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Vox Sentences: It’s a bird! It’s a plane! It’s aerial surveillance of the entire city of Baltimore!

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The federal government might mandate tech that would limit trucks to 68 mph or less; striking miners kill Bolivia's deputy interior minister; Baltimore's police secretly surveilled the entire city.

Easier rider

Portland Press Herald / Gordon Chibroski via Getty
  • The federal government has released a proposed regulation that would require manufacturers to put speed-limiting devices on all trucks and buses over 26,000 pounds. [The Verge / Andrew J. Hawkins]
  • Depending on vehicle type, allowed speeds would top out at 60, 65 or 68 miles per hour. At least, that's what regulators are proposing — there are 60 days for public feedback before the rule is finalized. [Reuters / Timothy Ahmann and Joseph White]
  • Speed-limiting devices are already present in plenty of cars — they're what prevent sports cars from going as fast on the road as they do on the track.[HowStuffWorks / Patrick E. George]
  • Federal officials are pushing the new regulations as a way to reduce highway fatalities. Speeding trucks kill about 1,000 people a year — and collisions involving large trucks or buses killed 4,000 people in 2014. [ / Clarissa Hawes]
  • Those fatalities are worse in places with higher legal speed limits — which is a big reason supporters of the regulation hope the final rule doesn't increase maximum speeds much beyond the 68 mph in the proposal. [ / Carina Ockedahl]
  • The trucking lobbies are split on the proposal. The American Trucking Association has welcomed federal mandates for speed-limiting technology. But the Owner-Operator Independent Drivers Association worries that speed-limiting devices will increase danger by causing road rage. [Overdrive / Matt Cole]
  • It's possible, though not likely, that the regulatory push could backfire. When another agency proposed that the trucking industry test drivers for sleep apnea — a condition that can make drivers exhausted and erratic on the road — the trucking industry reacted by not only quashing the proposal but taking to Congress to strike down existing regulations. [Huffington Post / Michael McAuliff]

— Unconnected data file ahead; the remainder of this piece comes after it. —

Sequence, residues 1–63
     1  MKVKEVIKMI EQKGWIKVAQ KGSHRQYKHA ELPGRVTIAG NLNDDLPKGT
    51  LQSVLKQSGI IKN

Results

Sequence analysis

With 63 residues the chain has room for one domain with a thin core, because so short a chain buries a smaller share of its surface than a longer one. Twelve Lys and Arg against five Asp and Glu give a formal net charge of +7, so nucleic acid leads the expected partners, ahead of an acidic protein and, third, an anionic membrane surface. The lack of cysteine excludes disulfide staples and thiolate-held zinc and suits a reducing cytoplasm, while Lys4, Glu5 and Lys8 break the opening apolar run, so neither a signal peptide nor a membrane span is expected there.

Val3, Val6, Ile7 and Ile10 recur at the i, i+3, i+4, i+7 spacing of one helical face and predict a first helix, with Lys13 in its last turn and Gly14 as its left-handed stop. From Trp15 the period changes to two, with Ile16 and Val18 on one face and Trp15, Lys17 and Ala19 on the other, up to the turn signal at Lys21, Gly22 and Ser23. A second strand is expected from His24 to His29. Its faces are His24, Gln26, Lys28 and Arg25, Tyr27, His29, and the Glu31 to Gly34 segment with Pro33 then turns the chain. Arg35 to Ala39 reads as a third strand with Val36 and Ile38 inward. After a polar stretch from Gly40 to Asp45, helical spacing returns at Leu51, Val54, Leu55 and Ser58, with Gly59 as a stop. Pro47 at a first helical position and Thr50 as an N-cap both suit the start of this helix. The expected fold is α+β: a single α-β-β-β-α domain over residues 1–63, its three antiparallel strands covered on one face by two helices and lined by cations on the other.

A mining not-so-cooperative

AFP / Aizar Raldes via Getty
  • Striking Bolivian miners beat the country's deputy interior minister to death Thursday, after kidnapping him as he was on his way to negotiate with them. [BBC]
  • His body was found wrapped in a blanket by the side of the road where miners had erected a roadblock.
  • The miners, who represent the country's "cooperative" mines (an association known as FENCOMIN), have been on strike for several weeks after a change to national mining law. [TeleSUR / Dimitri O'Donnell]
  • Earlier protests have also been violent: Miners and police held a prisoner exchange earlier in the month, and at least two miners were killed yesterday at a roadblock gunfight.
  • They're demanding the ability to produce more material than currently allowed under environmental law, and to contract directly with private companies to sell their product — remedies they think will help them turn around the industry after a tough few years. [Reuters / Daniel Ramos]
  • FENCOMIN isn't exactly a leftist workers' collective; many of its members are medium-size mines that treat their workers extremely badly. [Jacobin / Jeffery R. Webber]
  • But they've been an important part of the electoral coalition of President Evo Morales, which now appears to be fraying badly. [AP]

Citywide surveillance isn't this cute and unthreatening

Lightrocket / Roberto Mochado Noa via Getty
  • A report by Bloomberg Businessweek earlier this week revealed that since January, Baltimore police had used aerial surveillance technology developed for military use to secretly monitor the city. [Bloomberg Businessweek / Monte Reel]